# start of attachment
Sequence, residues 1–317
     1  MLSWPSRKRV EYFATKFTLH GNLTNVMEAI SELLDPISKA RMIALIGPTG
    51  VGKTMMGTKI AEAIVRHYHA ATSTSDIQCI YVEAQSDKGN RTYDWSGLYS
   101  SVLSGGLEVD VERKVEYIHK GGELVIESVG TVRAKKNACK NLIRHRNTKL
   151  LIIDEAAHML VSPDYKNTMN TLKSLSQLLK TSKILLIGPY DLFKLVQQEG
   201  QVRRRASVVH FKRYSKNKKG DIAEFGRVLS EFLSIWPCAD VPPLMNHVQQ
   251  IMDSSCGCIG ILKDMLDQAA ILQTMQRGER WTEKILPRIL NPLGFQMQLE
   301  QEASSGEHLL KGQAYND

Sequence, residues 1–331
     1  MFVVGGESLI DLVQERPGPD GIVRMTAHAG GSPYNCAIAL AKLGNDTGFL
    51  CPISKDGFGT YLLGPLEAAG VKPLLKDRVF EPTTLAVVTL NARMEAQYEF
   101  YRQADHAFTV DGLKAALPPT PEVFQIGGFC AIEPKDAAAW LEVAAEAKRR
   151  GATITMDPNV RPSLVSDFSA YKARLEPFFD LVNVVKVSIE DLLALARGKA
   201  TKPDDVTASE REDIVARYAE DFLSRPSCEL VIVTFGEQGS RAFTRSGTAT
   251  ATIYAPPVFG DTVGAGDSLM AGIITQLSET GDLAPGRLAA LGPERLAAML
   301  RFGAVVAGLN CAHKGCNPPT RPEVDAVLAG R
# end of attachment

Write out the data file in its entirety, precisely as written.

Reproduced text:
Sequence, residues 1–317
     1  MLSWPSRKRV EYFATKFTLH GNLTNVMEAI SELLDPISKA RMIALIGPTG
    51  VGKTMMGTKI AEAIVRHYHA ATSTSDIQCI YVEAQSDKGN RTYDWSGLYS
   101  SVLSGGLEVD VERKVEYIHK GGELVIESVG TVRAKKNACK NLIRHRNTKL
   151  LIIDEAAHML VSPDYKNTMN TLKSLSQLLK TSKILLIGPY DLFKLVQQEG
   201  QVRRRASVVH FKRYSKNKKG DIAEFGRVLS EFLSIWPCAD VPPLMNHVQQ
   251  IMDSSCGCIG ILKDMLDQAA ILQTMQRGER WTEKILPRIL NPLGFQMQLE
   301  QEASSGEHLL KGQAYND

Sequence, residues 1–331
     1  MFVVGGESLI DLVQERPGPD GIVRMTAHAG GSPYNCAIAL AKLGNDTGFL
    51  CPISKDGFGT YLLGPLEAAG VKPLLKDRVF EPTTLAVVTL NARMEAQYEF
   101  YRQADHAFTV DGLKAALPPT PEVFQIGGFC AIEPKDAAAW LEVAAEAKRR
   151  GATITMDPNV RPSLVSDFSA YKARLEPFFD LVNVVKVSIE DLLALARGKA
   201  TKPDDVTASE REDIVARYAE DFLSRPSCEL VIVTFGEQGS RAFTRSGTAT
   251  ATIYAPPVFG DTVGAGDSLM AGIITQLSET GDLAPGRLAA LGPERLAAML
   301  RFGAVVAGLN CAHKGCNPPT RPEVDAVLAG R